Twitter – the most popular micro-blogging platform available today. I’m a proud member of Twitter and I tweet on an almost hourly basis. My twitter profile contains tweets of all variants such as “at home, chilling”, “doing some work in the office” and “in town having lunch…”. In fact, it was this last tweet which I made yesterday that inspired me to write this article.
You see, I didn’t tweet from a PC, nor am I the owner of a high-tech iPhone. I am what you could call a “low-tech tweeter”. I own a Samsung Tocco Lite mobile phone which cost me just under 130 Euros – pretty average if I do say so myself. When you dismiss the touch screen, all the other features are basic and it’s a little slow with carrying out tasks. There is no Wi-Fi and no 3G. Yet, I still tweet while on the move with photos, links and status updates.
I would like to demonstrate a few low-tech ways to Twitter from a cell phone.
Firstly, let me say that to tweet from the top deck of a bus, the beach or a mountain all you need is a mobile phone such as the ancient artifact seen here on the right.
Twitter supports SMS tweets. All you have to do is log into your Twitter account and select “˜Settings’ up in the top right-hand corner of you screen. From the list of tabs that appear, select “˜Devices’ and enter your cell phone number. Then, verify your phone by texting the code that appears on your screen to the Twitter phone number beside it. Also, save this number as this is the number you’ll send your tweets to via SMS.
If you live in the US, UK or other major territories then you can toggle whether or not you want to receive tweets from other people to your phone by sending “˜ON’ or “˜OFF’ to that number.
This is all well and good if you’re a basic tweeter but many of us like a little more interactivity. A previous review of mine here on MakeUseOf holds the answer – Snaptu. In summary, Snaptu is an application for basic cell phones that uses GPRS to get you the weather, film reviews, news, sports updates, allows you to use Facebook and more to the point in this case, Twitter.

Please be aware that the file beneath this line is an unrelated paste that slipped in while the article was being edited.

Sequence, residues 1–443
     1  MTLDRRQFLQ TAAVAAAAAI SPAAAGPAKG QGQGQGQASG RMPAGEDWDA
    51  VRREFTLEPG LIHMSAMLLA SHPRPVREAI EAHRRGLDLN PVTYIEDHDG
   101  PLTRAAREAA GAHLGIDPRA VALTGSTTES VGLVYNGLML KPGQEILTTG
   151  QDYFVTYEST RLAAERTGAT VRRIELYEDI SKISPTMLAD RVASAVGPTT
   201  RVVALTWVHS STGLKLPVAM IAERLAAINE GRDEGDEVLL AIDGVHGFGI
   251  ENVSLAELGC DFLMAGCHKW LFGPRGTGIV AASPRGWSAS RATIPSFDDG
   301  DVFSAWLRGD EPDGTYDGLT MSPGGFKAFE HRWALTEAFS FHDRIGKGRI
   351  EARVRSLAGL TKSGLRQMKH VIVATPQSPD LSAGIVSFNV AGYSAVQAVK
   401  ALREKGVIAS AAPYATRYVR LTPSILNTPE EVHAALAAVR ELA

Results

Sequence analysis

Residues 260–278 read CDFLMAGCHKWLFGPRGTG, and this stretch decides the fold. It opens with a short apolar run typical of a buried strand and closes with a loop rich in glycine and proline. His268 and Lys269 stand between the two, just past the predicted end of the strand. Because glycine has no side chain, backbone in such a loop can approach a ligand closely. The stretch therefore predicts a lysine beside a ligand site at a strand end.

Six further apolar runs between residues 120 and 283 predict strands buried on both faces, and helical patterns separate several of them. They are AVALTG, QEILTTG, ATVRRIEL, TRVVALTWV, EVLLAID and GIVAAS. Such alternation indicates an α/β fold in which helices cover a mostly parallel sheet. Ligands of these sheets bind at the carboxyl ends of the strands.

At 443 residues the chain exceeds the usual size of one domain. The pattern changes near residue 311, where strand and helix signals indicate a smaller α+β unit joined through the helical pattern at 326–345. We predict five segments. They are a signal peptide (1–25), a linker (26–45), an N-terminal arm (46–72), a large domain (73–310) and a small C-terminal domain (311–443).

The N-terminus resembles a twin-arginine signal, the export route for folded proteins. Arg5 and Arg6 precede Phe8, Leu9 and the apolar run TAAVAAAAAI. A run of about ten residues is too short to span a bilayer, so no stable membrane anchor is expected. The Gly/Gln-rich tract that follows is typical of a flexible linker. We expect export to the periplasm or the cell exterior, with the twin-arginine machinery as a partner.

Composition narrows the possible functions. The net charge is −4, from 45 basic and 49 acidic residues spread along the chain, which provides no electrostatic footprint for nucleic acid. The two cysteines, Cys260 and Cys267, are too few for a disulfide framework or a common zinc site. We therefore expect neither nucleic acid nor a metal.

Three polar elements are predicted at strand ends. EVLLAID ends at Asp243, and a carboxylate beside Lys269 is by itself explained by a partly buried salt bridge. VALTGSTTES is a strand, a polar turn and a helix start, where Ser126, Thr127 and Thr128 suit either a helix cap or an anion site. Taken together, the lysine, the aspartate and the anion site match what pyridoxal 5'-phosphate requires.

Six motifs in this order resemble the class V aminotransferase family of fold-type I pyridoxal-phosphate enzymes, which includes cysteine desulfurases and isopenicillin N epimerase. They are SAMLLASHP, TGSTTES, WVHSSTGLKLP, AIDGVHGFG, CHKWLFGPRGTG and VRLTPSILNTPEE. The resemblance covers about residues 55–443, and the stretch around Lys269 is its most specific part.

The Twitter function is highly detailed and better than what you’d expect for a basic cell phone app. You can tweet till the cows come home by selecting “˜Update Status’, scroll down through hundreds of tweets, reply to tweets, follow links in tweets and view people’s profiles.
But hey, what about pictures? Well, I tried several applications and I can safely say that for basic cell phones they just don’t make the cut so e-mail is your best option.
I actually think this is better than using applications which require you to start them up and take the picture using their bad camera function. With e-mail, you simply snap and send when you wish. I suggest using TwitPic, which Mark recently reviewed. Go to their site and create an account using your Twitter ID.
Then, click ‘Settings’ and use the options there to set up your e-mail function. You’ll be given a unique e-mail address to which you can send your snaps. A sample one might be JoeBloggs.email@example.com. Also, when you’re sending the e-mail from your phone, use the subject line as your tweet. As you can see from the picture I tweeted above, my subject line was “My train is here! Yay!”. Needless to say, this will also appear in a link and message on your Twitter profile.
You can use the above methods of low-tech tweeting on basically any cell phone that is post-2005. Once it has a camera and GPRS or EDGE, you should be fine. One tip I will give is to watch out for GPRS charges. They can be costly on some networks. My carrier has a cap of 99c per day and many others the world over offer similar packages. Just phone your network to enquire.
So, how do YOU tweet? Are you old-school or high-tech?